Thursday, July 28, 2011

Entitlement 101

Ok, one short blog rant before I work on the aforementioned grant: mid-summer is not only the time for finishing up various projects but also for students to register for classes at McGill.  Actually, current students can do that in late spring, but new students get their turn now.  My monster intro to IR class of six hundred and twelve is now full, plus the 60 person waiting list.

I say this not just to brag about how wonderfully popular I am, but to set up the frustration.  I am now getting emails from students asking for me to let them into the class as their need to get in is apparently more important than the sixty folks on the waiting list.  Before we had a waiting list system, these emails were understandable.  Getting similar emails for my other class, which is a senior-level class that does fulfill graduation requirements and where the students really do need the class to graduate that term, is understandable.  Still not much I can do since the folks on that waiting list have similar issues.  But for an intro class?  Sorry, but we have another intro class in IR that is more focused on economic stuff that serves as an equally good prerequisite for the other classes.  And there is always next year. 

Of course, I understand that my willingness to teach the huge class means that I accept all that comes with it--the management problems of having a big team of teaching assistants, the ten percent problem (that in any class perhaps 10% of the students cannot follow instructions which means about sixty for this class), the joyful lack of grading I have to do, and so on.  With great power comes great responsibility.  I love teaching the class since the topic is fun to teach and the students have heaps of interest.  So, I really don't mind the negatives that come with a massive class that much.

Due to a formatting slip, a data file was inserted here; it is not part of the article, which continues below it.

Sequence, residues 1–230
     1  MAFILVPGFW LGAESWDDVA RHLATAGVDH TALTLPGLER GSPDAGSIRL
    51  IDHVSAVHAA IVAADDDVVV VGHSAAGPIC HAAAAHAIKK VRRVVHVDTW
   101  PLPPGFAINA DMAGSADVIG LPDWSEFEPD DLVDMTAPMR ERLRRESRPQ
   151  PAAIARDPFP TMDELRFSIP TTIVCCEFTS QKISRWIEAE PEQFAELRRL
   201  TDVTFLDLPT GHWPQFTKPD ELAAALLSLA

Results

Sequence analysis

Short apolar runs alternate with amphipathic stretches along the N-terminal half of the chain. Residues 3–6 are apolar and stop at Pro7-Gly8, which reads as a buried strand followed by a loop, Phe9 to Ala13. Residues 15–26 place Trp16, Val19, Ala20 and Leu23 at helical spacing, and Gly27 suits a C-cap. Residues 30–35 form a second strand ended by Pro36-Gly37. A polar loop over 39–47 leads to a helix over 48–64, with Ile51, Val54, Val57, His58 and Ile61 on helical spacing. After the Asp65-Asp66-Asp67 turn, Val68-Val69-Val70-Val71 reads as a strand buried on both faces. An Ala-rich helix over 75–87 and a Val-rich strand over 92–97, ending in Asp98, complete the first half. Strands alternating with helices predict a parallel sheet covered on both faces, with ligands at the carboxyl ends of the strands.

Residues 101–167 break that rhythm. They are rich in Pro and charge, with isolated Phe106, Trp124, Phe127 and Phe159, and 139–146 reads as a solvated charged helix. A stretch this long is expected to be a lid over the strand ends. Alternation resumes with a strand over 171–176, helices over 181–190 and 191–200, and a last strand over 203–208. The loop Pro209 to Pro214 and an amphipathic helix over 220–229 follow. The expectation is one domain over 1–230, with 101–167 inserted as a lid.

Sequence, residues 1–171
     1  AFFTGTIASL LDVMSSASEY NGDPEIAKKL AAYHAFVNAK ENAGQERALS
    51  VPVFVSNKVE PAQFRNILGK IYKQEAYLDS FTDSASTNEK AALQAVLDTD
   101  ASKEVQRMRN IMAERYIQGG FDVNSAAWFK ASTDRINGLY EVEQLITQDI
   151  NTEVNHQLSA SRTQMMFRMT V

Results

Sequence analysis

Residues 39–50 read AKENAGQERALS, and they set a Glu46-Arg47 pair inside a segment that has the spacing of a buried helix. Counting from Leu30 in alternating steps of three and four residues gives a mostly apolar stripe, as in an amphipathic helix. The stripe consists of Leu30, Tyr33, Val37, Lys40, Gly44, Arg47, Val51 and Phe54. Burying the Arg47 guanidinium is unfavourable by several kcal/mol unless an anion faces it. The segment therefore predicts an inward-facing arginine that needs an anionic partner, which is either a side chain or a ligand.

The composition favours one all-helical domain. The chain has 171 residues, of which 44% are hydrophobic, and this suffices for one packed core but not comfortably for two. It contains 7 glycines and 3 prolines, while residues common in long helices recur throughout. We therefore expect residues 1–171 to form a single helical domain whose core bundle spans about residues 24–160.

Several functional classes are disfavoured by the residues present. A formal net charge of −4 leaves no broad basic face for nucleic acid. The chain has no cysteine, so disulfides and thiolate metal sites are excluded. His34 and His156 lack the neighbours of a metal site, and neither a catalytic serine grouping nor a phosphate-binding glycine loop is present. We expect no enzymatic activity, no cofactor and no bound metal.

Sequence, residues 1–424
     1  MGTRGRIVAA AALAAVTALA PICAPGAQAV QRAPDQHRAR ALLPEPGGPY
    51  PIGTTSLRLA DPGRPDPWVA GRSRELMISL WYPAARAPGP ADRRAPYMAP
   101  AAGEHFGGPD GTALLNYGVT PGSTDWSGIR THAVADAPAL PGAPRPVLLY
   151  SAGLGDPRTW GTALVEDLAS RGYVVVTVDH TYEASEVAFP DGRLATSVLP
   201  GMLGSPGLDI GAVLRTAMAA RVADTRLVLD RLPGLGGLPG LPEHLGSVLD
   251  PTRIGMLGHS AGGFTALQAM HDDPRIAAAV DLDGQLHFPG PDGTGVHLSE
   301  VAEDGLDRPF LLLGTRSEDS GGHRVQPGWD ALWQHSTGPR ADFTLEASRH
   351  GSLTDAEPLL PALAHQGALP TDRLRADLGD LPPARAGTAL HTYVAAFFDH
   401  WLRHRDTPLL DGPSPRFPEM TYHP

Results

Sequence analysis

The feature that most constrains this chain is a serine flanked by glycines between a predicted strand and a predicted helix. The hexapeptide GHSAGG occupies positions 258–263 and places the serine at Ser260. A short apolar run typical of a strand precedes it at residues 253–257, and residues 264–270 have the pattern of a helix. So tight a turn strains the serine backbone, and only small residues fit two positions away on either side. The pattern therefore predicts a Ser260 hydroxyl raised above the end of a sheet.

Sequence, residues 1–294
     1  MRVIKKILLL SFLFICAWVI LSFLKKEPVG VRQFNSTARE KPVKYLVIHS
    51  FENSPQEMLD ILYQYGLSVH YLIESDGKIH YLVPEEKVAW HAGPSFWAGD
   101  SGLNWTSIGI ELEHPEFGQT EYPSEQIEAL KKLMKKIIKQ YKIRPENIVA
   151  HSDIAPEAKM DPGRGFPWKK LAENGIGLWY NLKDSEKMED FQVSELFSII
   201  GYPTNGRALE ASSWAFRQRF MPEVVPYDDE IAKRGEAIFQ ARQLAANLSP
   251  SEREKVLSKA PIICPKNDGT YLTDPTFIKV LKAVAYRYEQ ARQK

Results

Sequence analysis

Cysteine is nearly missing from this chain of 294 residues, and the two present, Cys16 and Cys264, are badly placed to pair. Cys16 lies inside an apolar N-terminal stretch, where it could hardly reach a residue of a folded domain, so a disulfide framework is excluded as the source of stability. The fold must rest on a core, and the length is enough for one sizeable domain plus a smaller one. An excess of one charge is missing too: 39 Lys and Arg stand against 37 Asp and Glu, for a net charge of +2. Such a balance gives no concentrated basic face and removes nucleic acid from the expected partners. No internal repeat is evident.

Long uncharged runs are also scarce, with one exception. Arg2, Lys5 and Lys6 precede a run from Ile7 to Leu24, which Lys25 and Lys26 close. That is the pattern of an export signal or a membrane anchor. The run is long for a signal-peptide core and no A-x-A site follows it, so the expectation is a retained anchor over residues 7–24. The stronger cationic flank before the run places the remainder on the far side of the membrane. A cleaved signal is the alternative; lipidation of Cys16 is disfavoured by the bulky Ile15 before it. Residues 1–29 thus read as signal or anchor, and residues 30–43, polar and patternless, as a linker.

To be clear, I do love McGill students, who tend to be less entitled than those elsewhere (even if I whine about it again and again).  But I really don't want to be thinking about them until September.  I don't have summers "off", a phrase that drives most profs bonkers, but I do have summers off from undergraduates (graduate students are a year-around joy/plague).

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